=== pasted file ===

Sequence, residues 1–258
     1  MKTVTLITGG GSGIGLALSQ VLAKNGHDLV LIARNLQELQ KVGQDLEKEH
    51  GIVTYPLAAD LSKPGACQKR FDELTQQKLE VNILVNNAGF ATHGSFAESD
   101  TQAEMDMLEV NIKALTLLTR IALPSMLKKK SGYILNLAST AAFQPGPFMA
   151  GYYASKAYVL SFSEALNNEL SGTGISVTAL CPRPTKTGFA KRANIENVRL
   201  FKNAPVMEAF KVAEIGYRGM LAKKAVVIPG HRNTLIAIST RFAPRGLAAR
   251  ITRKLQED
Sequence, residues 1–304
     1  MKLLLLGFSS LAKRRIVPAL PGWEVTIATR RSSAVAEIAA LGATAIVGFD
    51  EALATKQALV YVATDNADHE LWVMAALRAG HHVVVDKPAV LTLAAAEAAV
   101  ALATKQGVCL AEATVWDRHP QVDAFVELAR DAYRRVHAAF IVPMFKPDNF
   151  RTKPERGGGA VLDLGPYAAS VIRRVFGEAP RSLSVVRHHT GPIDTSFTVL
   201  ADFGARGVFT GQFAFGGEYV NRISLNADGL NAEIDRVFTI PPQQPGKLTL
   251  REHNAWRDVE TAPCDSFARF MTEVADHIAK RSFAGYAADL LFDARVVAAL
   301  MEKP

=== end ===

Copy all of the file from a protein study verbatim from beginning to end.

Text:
Sequence, residues 1–258
     1  MKTVTLITGG GSGIGLALSQ VLAKNGHDLV LIARNLQELQ KVGQDLEKEH
    51  GIVTYPLAAD LSKPGACQKR FDELTQQKLE VNILVNNAGF ATHGSFAESD
   101  TQAEMDMLEV NIKALTLLTR IALPSMLKKK SGYILNLAST AAFQPGPFMA
   151  GYYASKAYVL SFSEALNNEL SGTGISVTAL CPRPTKTGFA KRANIENVRL
   201  FKNAPVMEAF KVAEIGYRGM LAKKAVVIPG HRNTLIAIST RFAPRGLAAR
   251  ITRKLQED
Sequence, residues 1–304
     1  MKLLLLGFSS LAKRRIVPAL PGWEVTIATR RSSAVAEIAA LGATAIVGFD
    51  EALATKQALV YVATDNADHE LWVMAALRAG HHVVVDKPAV LTLAAAEAAV
   101  ALATKQGVCL AEATVWDRHP QVDAFVELAR DAYRRVHAAF IVPMFKPDNF
   151  RTKPERGGGA VLDLGPYAAS VIRRVFGEAP RSLSVVRHHT GPIDTSFTVL
   201  ADFGARGVFT GQFAFGGEYV NRISLNADGL NAEIDRVFTI PPQQPGKLTL
   251  REHNAWRDVE TAPCDSFARF MTEVADHIAK RSFAGYAADL LFDARVVAAL
   301  MEKP